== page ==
An experimental bowel drug from Adolor ( ADLR) and GlaxoSmithKline ( GSK) won't be approved by U.S. regulators next month, despite what seemed like a positive stamp of approval Wednesday from a panel of medical experts.

I'm bearish on Adolor, and bullish on Progenics ( PGNX), which has a competing bowel drug with a better chance of success.

But here's what happened yesterday:

A Food and Drug Administration advisory committee voted 9-6 on Wednesday that the benefits of Adolor's drug Entereg -- reducing by about one day the recovery time and hospital stays for patients undergoing bowel surgery -- outweighed the safety risks of the drug, mainly an increased risk of heart attack.

Adolor and partner GlaxoSmithKline seized on this apparent vote of confidence for Entereg, calling it a "favorable" ruling in a press release that helped push Adolor shares higher in Wednesday's after-hours trading session. On Thursday, though, Adolor was down more than 11% to $4.08.

The FDA is expected to issue its approval decision for Entereg on Feb. 10. The companies are seeking Entereg's approval as a treatment for post-operative ileus (POI) -- a fancy term that basically means painful bloating and constipation following abdominal surgery.

No current drugs are approved to treat POI, but Entereg is a pill designed to block the constipatory effects of pain-killing opioid drugs.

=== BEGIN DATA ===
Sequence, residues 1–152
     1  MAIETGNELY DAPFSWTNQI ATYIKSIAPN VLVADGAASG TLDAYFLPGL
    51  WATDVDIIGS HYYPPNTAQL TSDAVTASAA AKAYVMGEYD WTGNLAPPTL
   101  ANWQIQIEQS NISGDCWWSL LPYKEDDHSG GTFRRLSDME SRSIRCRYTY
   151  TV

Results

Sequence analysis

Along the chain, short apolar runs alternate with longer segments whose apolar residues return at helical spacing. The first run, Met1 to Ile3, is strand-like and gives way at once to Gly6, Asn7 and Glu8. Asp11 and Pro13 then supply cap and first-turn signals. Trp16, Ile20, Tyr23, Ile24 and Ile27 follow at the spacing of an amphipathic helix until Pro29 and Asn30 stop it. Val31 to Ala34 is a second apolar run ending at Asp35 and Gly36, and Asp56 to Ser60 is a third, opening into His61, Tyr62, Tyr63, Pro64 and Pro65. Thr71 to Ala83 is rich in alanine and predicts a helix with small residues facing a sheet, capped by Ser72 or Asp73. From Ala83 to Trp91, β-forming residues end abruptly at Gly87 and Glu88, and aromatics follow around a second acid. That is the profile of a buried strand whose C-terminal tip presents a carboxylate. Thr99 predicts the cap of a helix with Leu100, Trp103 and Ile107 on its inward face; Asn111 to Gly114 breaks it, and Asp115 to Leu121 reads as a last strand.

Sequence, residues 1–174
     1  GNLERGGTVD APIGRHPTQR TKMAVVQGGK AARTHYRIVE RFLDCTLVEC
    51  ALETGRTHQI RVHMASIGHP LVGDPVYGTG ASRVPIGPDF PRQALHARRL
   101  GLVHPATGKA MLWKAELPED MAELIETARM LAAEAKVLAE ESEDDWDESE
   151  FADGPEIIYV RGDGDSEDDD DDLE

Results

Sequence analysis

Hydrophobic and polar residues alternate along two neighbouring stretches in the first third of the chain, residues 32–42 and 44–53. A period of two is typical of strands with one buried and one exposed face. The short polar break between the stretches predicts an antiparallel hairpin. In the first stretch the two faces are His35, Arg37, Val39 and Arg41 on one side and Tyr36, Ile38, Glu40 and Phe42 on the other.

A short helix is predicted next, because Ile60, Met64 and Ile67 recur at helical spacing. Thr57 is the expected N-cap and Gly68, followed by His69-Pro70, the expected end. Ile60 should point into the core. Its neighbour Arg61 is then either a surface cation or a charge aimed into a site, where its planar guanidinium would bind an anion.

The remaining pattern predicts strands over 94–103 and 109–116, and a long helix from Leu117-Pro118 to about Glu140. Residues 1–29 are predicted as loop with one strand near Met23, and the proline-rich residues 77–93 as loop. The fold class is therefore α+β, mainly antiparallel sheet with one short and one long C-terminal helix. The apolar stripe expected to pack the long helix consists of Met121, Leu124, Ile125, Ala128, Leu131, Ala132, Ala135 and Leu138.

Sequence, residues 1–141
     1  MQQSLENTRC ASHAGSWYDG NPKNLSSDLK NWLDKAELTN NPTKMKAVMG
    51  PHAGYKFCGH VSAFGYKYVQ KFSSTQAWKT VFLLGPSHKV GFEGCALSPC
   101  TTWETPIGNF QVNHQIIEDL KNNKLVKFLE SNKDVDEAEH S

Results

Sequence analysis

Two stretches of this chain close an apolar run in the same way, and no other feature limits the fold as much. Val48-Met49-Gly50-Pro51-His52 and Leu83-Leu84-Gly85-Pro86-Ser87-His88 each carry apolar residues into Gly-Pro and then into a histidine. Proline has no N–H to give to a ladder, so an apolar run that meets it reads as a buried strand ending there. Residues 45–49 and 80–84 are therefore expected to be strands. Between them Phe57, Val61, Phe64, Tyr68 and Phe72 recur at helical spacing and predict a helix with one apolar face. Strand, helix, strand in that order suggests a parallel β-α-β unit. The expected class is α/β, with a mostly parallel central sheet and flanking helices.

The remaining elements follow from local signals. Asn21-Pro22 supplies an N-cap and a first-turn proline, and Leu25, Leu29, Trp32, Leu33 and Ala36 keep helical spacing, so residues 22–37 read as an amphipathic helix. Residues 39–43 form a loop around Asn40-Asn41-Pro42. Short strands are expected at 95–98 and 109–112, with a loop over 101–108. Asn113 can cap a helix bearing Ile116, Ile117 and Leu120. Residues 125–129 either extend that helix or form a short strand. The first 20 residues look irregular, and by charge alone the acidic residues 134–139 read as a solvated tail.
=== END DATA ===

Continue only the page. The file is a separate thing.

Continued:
The way I see it, the FDA's decision will be negative: Entereg won't be approved, at least not right away. Adolor and its Big Pharma partner will have to provide more data or possibly run a new clinical trial to prove to the FDA that Entereg is not causing patients to have heart attacks or other cardiovascular problems.

Entereg isn't a safe drug, at least not yet. I'm not just making that up -- Wednesday's advisory panel said the same thing. By an 8-6 vote, the panel said there was a significant cardiovascular risk associated with short-term Entereg use, which includes the POI indication.

Furthermore, the panel said a risk management plan for Entereg, proposed by the companies to mitigate the safety risks of the drug, was woefully inadequate. If the drug were to be approved, the advisory panel said it wanted the FDA to enforce much stricter patient monitoring.

Those, to me, were the most important votes from the panel Wednesday. The FDA has all it needs to throw out or disregard the "positive" benefit-to-risk vote of the panel and ask Adolor and Glaxo for more safety data.

Regulators don't need much to say no. Heart attack risk is a huge, Texas-sized neon-red flag at the FDA, especially with agency sentiment running strongly in the risk-averse, scaredy-cat direction. (The number of new drug approvals is down and clinical holds on trials for safety concerns are up, in case anyone hasn't noticed.)

Remind anyone of what the FDA did to Dendreon ( DNDN) and its prostate cancer drug Provenge? There are shades of similarity, but Adolor is no Dendreon and Entereg is no Provenge. POI isn't life-threatening, and it's a small commercial opportunity -- probably around $200 million tops.

Given its partnership with Glaxo, POI isn't worth much more than $3 a share to Adolor at peak -- even if the drug is approved.